After the Feds hinted at possible inflation risks in yesterday’s “minutes,” interest-rate sensitive stocks sold off sharply. One group that particularly caught our attention was the Home Construction Index ($DJUSHB), which closed more than 4% lower yesterday. While the index is still in a confirmed uptrend on both its daily and weekly charts, you may want to keep an eye on the sector because yesterday’s selloff wiped out the prior three weeks of gains and also caused the index to close below support of its 20-day moving average. Take a look:

It’s too early to declare the uptrend is over, but the sector is certainly worthy of keeping an eye on as a short candidate, especially if the uptrend lines break over the next several days. There is not an ETF that tracks the Home Construction stocks, but you may wish to create your own “synthetic ETF” by simultaneously trading a small basket of the leading stocks within the industry. Some stocks to look at are (in no particular order): TOL, LEN, PHM, KBH, RYL, BZH, DHI.

Over the next few days, you may want to consider being mostly cash or perhaps sitting on a few short positions. The broad market has dropped quite a bit within only two days, so making the decision to aggressively put on new short positions today may be a risky move. Conversely, the intensity of the selling the past two days means it is probably not wise to use the pullback as a chance to enter a bunch of long positions, especially since many of the best looking long setups have been failing. If you’re currently short, continue trailing your stops to lock in profits. If you’re still long, now is NOT the time to be stubborn and shift into “hope” mode. Cut the losses if they have exceeded your stops! If, however, you are now in cash, your best bet is probably to wait for the next bounce in order to sell short into resistance of the 20-day moving averages. As always, remember to trade what you see, not what you think!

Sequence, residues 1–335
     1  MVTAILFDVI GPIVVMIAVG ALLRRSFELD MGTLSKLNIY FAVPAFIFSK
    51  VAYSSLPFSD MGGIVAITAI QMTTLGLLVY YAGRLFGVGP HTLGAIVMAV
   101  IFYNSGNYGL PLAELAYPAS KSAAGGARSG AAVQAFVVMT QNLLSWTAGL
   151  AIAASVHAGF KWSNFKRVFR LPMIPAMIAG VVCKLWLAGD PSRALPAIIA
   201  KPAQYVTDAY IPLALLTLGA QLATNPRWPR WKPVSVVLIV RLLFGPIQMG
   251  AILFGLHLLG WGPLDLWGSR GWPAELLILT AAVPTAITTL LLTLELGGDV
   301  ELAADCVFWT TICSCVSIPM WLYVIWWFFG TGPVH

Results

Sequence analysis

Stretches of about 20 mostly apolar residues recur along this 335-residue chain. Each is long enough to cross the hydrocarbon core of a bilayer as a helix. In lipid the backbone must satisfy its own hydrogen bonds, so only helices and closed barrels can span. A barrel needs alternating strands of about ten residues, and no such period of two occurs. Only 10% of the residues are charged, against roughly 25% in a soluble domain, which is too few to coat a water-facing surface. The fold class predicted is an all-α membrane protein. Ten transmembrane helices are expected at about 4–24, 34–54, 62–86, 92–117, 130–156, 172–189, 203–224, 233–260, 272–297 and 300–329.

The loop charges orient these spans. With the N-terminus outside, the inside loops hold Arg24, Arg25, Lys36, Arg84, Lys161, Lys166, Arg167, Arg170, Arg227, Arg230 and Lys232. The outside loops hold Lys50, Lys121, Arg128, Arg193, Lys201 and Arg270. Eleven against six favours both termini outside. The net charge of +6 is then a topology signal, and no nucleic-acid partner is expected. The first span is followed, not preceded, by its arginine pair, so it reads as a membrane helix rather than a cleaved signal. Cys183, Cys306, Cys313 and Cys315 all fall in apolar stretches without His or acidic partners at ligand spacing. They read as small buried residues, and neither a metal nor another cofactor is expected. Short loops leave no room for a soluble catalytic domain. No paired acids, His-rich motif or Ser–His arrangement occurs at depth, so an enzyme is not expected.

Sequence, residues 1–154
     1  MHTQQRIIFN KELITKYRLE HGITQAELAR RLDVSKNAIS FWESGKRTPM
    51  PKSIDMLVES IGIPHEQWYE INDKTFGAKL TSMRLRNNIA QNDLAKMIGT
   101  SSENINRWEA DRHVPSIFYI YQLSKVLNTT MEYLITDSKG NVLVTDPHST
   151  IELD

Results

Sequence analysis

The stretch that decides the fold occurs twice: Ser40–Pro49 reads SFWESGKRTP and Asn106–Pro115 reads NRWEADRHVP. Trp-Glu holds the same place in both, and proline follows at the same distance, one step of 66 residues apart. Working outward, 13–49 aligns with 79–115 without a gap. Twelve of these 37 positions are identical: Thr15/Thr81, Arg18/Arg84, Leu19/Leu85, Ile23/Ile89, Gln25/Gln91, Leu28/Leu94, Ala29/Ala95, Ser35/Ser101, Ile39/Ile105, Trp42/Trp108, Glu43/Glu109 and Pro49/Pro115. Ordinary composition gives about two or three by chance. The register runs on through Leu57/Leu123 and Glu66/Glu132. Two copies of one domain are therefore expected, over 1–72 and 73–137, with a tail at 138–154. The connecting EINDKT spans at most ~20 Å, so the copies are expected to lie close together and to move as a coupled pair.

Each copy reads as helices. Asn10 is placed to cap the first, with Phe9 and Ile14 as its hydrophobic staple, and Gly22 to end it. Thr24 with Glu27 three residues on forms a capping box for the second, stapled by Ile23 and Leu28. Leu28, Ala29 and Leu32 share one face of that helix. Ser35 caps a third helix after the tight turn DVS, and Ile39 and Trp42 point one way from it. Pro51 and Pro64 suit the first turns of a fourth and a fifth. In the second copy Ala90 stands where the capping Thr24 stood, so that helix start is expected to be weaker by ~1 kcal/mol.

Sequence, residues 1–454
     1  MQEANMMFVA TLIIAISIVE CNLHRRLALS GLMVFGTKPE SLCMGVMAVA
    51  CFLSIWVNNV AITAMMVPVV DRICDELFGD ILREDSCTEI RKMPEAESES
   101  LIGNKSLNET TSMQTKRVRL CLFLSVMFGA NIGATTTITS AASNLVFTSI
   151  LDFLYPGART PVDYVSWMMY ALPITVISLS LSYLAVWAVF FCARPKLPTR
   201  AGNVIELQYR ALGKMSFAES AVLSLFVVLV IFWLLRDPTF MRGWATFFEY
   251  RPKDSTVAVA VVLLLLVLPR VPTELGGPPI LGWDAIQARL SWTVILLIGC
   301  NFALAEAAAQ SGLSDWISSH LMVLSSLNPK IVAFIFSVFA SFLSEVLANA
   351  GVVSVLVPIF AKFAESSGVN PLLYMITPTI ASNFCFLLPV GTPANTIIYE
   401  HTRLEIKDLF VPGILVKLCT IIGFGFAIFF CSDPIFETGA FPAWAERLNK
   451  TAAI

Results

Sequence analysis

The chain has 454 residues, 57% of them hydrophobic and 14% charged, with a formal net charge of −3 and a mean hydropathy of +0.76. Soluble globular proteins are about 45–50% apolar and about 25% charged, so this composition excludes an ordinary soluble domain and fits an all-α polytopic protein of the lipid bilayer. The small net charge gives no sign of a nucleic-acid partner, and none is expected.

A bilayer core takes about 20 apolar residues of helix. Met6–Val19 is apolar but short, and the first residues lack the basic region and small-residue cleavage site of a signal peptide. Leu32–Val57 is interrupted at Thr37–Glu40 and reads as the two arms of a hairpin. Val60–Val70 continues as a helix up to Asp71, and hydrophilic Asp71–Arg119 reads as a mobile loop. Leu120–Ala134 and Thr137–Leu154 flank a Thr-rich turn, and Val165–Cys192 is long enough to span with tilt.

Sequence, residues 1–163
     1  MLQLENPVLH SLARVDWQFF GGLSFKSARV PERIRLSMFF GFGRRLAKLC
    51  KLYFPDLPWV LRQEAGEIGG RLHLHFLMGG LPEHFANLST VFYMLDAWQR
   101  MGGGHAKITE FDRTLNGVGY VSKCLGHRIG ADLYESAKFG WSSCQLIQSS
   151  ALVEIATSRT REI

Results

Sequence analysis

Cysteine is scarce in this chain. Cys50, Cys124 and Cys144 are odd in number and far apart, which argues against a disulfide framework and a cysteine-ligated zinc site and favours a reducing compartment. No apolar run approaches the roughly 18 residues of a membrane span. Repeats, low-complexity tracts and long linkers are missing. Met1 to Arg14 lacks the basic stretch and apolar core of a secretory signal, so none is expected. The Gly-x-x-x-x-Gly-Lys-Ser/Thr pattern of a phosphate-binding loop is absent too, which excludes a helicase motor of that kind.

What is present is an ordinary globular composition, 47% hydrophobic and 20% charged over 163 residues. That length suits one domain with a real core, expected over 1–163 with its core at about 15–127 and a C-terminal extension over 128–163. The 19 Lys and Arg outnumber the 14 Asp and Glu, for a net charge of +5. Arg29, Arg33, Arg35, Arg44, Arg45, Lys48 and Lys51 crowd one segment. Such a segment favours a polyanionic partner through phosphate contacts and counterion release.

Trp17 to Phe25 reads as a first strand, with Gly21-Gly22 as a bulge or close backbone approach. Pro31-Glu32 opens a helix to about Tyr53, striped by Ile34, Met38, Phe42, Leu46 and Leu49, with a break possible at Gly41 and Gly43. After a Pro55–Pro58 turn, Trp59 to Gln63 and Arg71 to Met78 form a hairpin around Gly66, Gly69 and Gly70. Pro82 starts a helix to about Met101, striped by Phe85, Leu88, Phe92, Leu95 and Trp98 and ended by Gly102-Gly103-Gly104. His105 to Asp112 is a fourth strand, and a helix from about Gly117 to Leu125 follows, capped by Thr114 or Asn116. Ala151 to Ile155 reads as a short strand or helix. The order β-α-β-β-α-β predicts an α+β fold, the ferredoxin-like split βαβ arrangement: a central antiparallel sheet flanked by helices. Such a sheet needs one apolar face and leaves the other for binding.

Today’s watch list:

We are looking at a few short candidates in the broad market, but want to wait for a bounce first. As always, we will send an intraday e-mail alert to subscribers when/if we enter any new positions. We closed the IWM short position for more than a 4.4 point gain yesterday.


Daily Reality Report:

Below is Morpheus Trading Group’s daily
performance report of closed trades and an update on all open positions from The
Wagner Daily (Intraday Real-Time Room trades are reported separately in The
Wagner Weekly). Net P/L figures are based on the quantity of shares represented
in the MTG Position Sizing Model.

Closed Positions:

    IWM short (from Jan. 3) –
    shorted 129.60, covered 125.17, points = + 4.43 net P/L = + $441

Open Positions:

    (none)

Notes:

Per intraday e-mail alert, we covered IWM yesterday because it fell towards our target so quickly. We are now flat the ETFs.

Edited by Deron Wagner,
MTG Founder and
President